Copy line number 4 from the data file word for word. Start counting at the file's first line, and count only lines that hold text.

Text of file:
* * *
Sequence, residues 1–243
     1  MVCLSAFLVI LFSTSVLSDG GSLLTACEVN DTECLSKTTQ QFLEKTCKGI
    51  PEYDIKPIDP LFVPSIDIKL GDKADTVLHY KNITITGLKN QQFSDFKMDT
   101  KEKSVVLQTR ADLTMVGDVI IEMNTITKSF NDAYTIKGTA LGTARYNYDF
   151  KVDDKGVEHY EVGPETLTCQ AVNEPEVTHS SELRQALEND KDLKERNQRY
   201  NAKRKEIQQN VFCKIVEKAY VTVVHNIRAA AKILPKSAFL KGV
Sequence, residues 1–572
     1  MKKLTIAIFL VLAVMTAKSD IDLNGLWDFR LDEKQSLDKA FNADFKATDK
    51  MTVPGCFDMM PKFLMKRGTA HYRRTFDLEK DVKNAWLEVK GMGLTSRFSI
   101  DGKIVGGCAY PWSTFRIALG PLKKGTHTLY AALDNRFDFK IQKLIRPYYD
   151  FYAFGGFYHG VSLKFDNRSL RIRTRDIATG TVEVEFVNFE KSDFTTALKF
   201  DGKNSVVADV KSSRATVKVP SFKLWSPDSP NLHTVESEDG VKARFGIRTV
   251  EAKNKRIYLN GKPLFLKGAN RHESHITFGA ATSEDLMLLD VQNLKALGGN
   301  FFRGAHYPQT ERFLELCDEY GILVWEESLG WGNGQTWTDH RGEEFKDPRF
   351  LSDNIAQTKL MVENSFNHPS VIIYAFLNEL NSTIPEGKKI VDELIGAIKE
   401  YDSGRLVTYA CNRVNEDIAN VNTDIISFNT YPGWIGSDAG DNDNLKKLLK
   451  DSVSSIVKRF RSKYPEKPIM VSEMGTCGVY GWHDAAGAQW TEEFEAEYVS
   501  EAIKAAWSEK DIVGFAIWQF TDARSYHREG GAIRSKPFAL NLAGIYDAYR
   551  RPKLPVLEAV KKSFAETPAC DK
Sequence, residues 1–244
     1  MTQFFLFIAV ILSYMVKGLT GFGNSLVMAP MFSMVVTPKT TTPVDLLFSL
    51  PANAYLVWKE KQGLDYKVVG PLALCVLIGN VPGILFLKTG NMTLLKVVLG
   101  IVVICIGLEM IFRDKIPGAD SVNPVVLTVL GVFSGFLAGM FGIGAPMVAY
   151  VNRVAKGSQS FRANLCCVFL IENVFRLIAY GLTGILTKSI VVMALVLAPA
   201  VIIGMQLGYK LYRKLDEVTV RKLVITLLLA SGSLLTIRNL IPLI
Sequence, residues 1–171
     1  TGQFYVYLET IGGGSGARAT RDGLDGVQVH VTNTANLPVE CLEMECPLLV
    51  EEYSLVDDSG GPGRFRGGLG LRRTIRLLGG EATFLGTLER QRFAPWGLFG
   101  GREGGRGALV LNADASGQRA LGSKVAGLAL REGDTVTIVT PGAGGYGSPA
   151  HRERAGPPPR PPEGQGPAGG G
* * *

   101  KEKSVVLQTR ADLTMVGDVI IEMNTITKSF NDAYTIKGTA LGTARYNYDF